According to Patruno, in his poetry Primo Levi shows an ‘emotional charge’ that allows him to vent ‘his innermost sentiments expressive of, but not limited to, joy, love, anger, social and environmental concerns, irony, humor, frustration, sadness and solitude’ where he sometimes ‘touches the nadir of despair.’7 Especially in the poem ‘Il superstite’ one clearly detects the heart-wrenching topos of ‘survivor’s guilt’ that heavily haunts Levi (see also the chapter entitled ‘La vergogna’ in his I sommersi e i salvati).8 In his poetry, ‘Levi expresses the pain of a man who fears that his story, and through his that of millions’ of others ‘will be forgotten.’9

Primo Levi’s volume of poetry Ad ora incerta (1984)10 discloses to the reader a psychologically more complex portrait of the chemist-turned-writer who died in April of 1987. First published in 1975 under the title L’osteria di Brema, Levi added (in the 1984 edition, published with its better-known and present title) another thirty-four poems to the twenty-eight already published.  Ad ora incerta, published by Garzanti, was an immediate success among the readership and critics alike. Posthumously, a collection of Levi’s opera omnia appeared in Einaudi’s series Biblioteca dell’Orsa, and it included poems dating through January 1987 which, incidentally, is the date of his last-known published poem.11 Primo Levi’s verse spanned his entire adulthood, from February 1943 to a few months before his death.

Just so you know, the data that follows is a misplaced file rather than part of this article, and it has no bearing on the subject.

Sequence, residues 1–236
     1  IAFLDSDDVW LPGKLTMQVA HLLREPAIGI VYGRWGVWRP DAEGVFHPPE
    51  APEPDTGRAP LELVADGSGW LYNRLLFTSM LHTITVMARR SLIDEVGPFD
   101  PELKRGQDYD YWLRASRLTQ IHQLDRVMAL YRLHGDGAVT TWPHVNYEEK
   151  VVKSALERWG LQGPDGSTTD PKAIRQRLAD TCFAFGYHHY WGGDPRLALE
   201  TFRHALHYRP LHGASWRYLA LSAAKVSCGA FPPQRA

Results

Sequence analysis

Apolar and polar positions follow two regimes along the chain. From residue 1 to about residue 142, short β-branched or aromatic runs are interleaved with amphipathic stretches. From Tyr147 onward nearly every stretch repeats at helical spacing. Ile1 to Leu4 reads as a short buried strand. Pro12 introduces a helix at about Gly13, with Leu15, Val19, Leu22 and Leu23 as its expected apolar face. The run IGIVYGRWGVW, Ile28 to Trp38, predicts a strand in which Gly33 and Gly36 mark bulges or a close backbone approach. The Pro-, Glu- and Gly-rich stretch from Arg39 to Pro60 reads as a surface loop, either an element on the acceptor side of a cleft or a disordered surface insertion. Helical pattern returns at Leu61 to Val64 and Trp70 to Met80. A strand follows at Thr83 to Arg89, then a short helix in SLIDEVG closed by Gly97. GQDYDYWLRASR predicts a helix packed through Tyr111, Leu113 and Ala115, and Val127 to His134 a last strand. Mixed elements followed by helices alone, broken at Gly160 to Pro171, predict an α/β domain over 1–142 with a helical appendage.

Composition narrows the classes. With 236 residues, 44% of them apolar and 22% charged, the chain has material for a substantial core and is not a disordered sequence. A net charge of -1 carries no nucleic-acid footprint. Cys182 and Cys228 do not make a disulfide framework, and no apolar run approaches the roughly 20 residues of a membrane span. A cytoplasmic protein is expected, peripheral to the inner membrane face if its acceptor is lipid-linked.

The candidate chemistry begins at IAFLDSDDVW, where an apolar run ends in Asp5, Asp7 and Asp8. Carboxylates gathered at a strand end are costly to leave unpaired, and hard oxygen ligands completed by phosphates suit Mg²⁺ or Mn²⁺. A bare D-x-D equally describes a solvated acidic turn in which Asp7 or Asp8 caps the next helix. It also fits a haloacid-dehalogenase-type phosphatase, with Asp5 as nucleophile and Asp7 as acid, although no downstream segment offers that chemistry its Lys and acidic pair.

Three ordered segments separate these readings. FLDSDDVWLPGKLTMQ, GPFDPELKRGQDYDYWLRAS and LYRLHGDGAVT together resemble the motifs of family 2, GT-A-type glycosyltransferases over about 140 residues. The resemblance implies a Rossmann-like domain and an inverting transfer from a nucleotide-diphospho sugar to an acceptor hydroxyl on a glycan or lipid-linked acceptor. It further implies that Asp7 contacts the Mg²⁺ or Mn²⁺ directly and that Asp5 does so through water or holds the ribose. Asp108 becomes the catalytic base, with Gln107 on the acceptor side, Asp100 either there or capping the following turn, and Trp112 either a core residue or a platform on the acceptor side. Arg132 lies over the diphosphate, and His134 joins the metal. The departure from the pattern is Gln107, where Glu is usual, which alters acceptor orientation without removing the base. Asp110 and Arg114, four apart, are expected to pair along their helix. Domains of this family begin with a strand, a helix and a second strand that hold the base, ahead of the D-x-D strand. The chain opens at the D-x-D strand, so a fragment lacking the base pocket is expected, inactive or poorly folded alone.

Primo Levi’s sudden death left the literary and Jewish world speechless. We, his readers, stood in mute disbelief at the news, mostly because in I sommersi e i salvati, his last volume in prose, Levi appeared to have rationalized and partially come to terms with the aftermath of his ordeal in Auschwitz. In this book’s series of essays, he gave the impression of being able to face the Shoah and its terrible legacy in his typical, clear, rational, linear prose. Levi’s poetry, on the other hand, is permeated by helplessness, resignation, sadness, and nightmares. Only a pale trace is left of the author’s characteristic impotentia judicandi (suspension of explicit judgement) exhibited in his essays. In his poems surface fear, sketched impressions, anxiety, and the misgivings of a man whose emotional life spanned from the annihilating humiliation of Auschwitz to public recognition as a successful author.